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International Journal of Physical Education, Sports and Health 2016; 3(4): 01-03

P-ISSN: 2394-1685
E-ISSN: 2394-1693
Impact Factor (ISRA): 5.38
IJPESH 2016; 3(4): 01-03
© 2016 IJPESH
www.kheljournal.com
Received: 01-05-2016
Accepted: 02-06-2016
Sukhin Chawla
Department of Agribusiness,
Kansas State University,
Manhattan, United States of
America.

Sleeping giants: Improving sleeping habits in athletes
Sukhin Chawla
Abstract
Sleep deprivation is a huge problem in athletes – and people in general as they tend to underestimate the
importance of sleep and the extent to which they may be sleep deprived. For the general population
experts generally recommend that an average adult sleep for 7-9 hours a night. However, sportsmen need
10-12 hours’ sleep every day. Falling asleep instantly or needing an alarm clock to wake up are both red
flags and if either applies to you then you may consider yourself as being sleep deprived.
Keywords: Sleep, athletes, sleep deprivation, sleep track, and sleep devices.

Introduction
Roger Federer and LeBron James have said they sleep an average of 12 hours a day, compared
to less than 7 hours for the average Australian. Usain Bolt, Venus Williams, Maria Sharapova
and Steve Nash prefer to sleep up to 10 hours a day. Just as athletes need more calories than
most people when they are in training, they need more sleep too. The greater the intensity and
effort the greater the need for planned recovery. However, in addition to physical training,
conditioning and cognizant eating habits, sufficient sleep is crucial in athletic performance and
competitive results. The quality and sufficient sleep are important for athletes as it boosts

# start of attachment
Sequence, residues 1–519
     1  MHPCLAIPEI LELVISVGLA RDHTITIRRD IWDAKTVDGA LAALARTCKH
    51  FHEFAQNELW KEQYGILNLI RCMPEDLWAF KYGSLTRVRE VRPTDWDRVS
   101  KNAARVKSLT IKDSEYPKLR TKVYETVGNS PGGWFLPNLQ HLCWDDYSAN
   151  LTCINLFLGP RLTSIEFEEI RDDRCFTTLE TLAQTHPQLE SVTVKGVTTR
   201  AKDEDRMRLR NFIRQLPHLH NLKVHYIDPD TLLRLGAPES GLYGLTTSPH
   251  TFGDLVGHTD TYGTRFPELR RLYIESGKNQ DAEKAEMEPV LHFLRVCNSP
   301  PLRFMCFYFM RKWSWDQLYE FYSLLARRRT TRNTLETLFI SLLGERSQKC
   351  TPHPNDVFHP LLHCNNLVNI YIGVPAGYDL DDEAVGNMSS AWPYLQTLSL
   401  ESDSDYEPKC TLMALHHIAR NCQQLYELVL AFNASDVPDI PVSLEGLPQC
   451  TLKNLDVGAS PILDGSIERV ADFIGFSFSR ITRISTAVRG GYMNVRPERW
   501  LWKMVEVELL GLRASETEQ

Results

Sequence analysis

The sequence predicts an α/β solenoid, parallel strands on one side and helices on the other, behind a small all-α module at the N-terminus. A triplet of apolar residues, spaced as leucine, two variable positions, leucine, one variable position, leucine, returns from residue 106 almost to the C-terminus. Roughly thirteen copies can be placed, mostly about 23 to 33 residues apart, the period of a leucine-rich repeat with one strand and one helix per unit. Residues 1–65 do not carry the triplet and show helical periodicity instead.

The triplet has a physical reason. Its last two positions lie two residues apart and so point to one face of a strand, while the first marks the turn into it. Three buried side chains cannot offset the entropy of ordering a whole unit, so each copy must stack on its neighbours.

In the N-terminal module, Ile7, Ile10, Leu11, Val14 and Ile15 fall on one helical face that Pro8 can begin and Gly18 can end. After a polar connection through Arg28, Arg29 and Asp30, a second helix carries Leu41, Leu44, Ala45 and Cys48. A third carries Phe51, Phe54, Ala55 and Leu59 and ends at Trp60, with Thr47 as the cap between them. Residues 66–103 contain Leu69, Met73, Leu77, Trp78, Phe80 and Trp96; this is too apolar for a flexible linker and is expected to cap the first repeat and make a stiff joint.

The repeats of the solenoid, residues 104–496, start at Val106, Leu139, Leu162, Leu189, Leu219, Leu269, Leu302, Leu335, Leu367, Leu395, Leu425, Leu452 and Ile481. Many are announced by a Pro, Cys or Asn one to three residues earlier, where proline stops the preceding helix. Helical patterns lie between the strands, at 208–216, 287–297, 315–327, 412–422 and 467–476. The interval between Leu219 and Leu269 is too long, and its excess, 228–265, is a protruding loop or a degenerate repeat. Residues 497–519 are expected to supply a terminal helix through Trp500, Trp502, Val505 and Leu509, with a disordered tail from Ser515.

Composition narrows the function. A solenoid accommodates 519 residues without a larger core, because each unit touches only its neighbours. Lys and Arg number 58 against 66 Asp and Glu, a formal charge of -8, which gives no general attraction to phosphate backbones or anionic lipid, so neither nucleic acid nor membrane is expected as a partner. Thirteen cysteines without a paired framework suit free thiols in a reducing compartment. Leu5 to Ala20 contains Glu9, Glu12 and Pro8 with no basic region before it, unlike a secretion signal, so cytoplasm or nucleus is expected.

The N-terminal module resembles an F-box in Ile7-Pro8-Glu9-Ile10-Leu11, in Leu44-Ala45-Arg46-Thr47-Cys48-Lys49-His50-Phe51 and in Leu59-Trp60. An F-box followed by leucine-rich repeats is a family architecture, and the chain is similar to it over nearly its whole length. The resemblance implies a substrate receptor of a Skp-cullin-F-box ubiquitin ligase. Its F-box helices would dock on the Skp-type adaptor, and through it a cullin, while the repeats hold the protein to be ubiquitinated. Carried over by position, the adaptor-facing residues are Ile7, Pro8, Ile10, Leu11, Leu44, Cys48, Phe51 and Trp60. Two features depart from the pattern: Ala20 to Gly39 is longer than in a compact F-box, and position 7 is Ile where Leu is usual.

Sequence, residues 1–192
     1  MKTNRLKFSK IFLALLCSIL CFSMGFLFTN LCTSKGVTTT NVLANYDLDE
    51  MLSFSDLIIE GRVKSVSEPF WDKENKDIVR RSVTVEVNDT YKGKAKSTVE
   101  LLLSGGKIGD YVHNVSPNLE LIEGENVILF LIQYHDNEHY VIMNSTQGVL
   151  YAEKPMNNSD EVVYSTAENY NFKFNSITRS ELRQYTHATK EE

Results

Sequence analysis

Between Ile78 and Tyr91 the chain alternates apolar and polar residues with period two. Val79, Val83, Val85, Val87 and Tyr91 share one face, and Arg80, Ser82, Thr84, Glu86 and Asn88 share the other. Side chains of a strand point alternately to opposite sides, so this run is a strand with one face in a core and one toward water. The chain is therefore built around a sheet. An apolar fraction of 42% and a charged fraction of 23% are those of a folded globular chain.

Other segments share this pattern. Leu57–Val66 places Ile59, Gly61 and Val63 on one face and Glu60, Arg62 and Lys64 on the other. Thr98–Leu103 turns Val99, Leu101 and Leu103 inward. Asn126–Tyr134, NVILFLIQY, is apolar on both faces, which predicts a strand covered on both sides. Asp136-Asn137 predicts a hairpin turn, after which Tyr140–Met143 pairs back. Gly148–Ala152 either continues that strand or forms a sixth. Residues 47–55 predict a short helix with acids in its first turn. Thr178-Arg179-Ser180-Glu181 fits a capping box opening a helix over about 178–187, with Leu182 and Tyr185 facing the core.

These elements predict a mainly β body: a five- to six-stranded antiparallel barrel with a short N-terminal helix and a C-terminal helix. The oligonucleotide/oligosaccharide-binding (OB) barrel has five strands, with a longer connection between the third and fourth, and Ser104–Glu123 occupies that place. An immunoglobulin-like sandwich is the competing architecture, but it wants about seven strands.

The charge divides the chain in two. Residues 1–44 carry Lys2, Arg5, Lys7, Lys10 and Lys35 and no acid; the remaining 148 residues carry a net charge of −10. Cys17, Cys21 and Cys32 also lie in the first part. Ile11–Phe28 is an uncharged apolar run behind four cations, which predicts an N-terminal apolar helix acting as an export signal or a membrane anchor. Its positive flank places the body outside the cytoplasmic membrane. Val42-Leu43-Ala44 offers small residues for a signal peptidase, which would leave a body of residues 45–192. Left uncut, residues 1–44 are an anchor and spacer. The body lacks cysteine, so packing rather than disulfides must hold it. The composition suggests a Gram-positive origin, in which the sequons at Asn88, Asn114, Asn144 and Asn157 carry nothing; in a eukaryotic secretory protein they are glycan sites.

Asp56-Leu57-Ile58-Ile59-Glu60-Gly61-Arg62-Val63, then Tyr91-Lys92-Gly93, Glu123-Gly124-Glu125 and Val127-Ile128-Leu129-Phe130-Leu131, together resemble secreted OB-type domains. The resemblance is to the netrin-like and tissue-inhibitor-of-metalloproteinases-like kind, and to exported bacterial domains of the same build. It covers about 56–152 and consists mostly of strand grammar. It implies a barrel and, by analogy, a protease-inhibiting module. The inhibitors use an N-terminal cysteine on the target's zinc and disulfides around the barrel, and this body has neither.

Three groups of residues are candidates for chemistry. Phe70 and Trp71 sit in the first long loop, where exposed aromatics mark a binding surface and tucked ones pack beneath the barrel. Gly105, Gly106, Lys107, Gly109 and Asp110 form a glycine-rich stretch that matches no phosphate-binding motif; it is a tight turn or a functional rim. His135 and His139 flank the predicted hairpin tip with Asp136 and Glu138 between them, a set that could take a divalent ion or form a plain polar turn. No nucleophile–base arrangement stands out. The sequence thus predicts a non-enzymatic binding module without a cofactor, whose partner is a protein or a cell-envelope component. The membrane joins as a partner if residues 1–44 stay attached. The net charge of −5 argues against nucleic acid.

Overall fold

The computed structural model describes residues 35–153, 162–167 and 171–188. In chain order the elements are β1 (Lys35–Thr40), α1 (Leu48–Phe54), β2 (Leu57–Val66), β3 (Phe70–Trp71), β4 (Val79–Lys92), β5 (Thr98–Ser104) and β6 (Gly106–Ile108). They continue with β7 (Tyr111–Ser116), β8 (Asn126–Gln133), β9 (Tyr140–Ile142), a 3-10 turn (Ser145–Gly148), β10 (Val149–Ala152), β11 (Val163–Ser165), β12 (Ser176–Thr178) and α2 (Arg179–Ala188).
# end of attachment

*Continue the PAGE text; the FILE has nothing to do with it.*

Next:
energy to both the brain and body, in addition to good for memory and hormonal balance in
body.
The study will give an overview that ideal sleep endorses athlete’s performance with going
some insights into medications and devices available to improve sleep.

Correspondence
Sukhin Chawla
Department of Agribusiness,
Kansas State University,
Manhattan, United States of
America.

Quality Sleep Hours
According to Lee Taylor in The Evidence for Practitioners and Future Researchers Directions
[4]
suggests that sleep is a rhythmic cycle associated with biological processes that includes
body temperature, blood pressure, immune system, melatonin and other hormonal factors. The
question is how many Hours is considered an ideal quality sleep. According to National Sleep
Foundation, sleep deprivation is a huge problem and that most athletes – and people in general
– underestimate the importance of sleep. The bad quality of sleep is often associated with poor
quality of life, morbidity, stress, and hormonal imbalances [4]. For the general population
experts generally recommend that an average adult sleep for 7-9 hours a night. Falling asleep
instantly or needing an alarm clock to wake up are both red flags and if either applies to you
then you may consider yourself as being sleep deprived.
For athletes, it is suggested that mild sleep deprivation can have a drastic effect on athletic
performance. Practitioners and Health Professionals are working hard to encourage athletes to